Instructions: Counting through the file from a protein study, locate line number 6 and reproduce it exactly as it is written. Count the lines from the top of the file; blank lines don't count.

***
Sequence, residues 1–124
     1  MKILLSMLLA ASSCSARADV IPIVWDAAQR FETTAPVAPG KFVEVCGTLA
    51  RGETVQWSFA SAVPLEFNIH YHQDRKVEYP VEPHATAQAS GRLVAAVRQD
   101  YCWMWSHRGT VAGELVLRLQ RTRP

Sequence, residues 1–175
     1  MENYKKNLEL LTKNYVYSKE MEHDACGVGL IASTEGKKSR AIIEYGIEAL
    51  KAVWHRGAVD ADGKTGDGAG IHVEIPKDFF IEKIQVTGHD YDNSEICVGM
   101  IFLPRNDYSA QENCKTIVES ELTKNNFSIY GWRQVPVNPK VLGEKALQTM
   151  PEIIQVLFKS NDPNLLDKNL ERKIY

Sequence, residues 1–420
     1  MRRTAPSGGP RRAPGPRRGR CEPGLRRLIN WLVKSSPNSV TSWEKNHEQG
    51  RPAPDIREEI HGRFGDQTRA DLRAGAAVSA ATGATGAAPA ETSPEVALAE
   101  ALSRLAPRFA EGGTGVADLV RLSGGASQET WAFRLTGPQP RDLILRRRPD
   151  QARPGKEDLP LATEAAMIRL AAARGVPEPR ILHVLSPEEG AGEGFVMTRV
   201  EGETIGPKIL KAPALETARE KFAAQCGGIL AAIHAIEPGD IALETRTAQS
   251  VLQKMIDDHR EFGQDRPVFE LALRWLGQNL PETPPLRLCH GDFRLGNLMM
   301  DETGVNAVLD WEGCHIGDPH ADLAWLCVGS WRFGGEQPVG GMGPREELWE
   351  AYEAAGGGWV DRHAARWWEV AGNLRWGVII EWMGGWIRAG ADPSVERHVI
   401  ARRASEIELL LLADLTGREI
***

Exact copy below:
     1  MENYKKNLEL LTKNYVYSKE MEHDACGVGL IASTEGKKSR AIIEYGIEAL